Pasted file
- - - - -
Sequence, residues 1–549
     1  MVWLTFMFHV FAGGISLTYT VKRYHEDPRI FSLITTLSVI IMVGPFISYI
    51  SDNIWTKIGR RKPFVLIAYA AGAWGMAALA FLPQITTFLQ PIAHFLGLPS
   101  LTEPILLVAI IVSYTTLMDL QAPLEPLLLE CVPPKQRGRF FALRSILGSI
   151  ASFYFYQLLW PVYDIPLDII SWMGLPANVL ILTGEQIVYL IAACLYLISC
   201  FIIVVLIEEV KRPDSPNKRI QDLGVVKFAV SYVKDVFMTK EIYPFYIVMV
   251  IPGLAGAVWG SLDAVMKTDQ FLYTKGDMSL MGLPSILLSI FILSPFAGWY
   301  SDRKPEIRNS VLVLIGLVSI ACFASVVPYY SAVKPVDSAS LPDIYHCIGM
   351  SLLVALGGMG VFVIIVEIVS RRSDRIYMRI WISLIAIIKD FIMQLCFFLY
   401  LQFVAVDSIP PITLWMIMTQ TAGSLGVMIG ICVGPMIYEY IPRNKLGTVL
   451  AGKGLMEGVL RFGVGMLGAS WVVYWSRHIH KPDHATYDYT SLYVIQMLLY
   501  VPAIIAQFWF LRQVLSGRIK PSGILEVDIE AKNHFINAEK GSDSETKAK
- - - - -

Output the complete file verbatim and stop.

Sequence, residues 1–549
     1  MVWLTFMFHV FAGGISLTYT VKRYHEDPRI FSLITTLSVI IMVGPFISYI
    51  SDNIWTKIGR RKPFVLIAYA AGAWGMAALA FLPQITTFLQ PIAHFLGLPS
   101  LTEPILLVAI IVSYTTLMDL QAPLEPLLLE CVPPKQRGRF FALRSILGSI
   151  ASFYFYQLLW PVYDIPLDII SWMGLPANVL ILTGEQIVYL IAACLYLISC
   201  FIIVVLIEEV KRPDSPNKRI QDLGVVKFAV SYVKDVFMTK EIYPFYIVMV
   251  IPGLAGAVWG SLDAVMKTDQ FLYTKGDMSL MGLPSILLSI FILSPFAGWY
   301  SDRKPEIRNS VLVLIGLVSI ACFASVVPYY SAVKPVDSAS LPDIYHCIGM
   351  SLLVALGGMG VFVIIVEIVS RRSDRIYMRI WISLIAIIKD FIMQLCFFLY
   401  LQFVAVDSIP PITLWMIMTQ TAGSLGVMIG ICVGPMIYEY IPRNKLGTVL
   451  AGKGLMEGVL RFGVGMLGAS WVVYWSRHIH KPDHATYDYT SLYVIQMLLY
   501  VPAIIAQFWF LRQVLSGRIK PSGILEVDIE AKNHFINAEK GSDSETKAK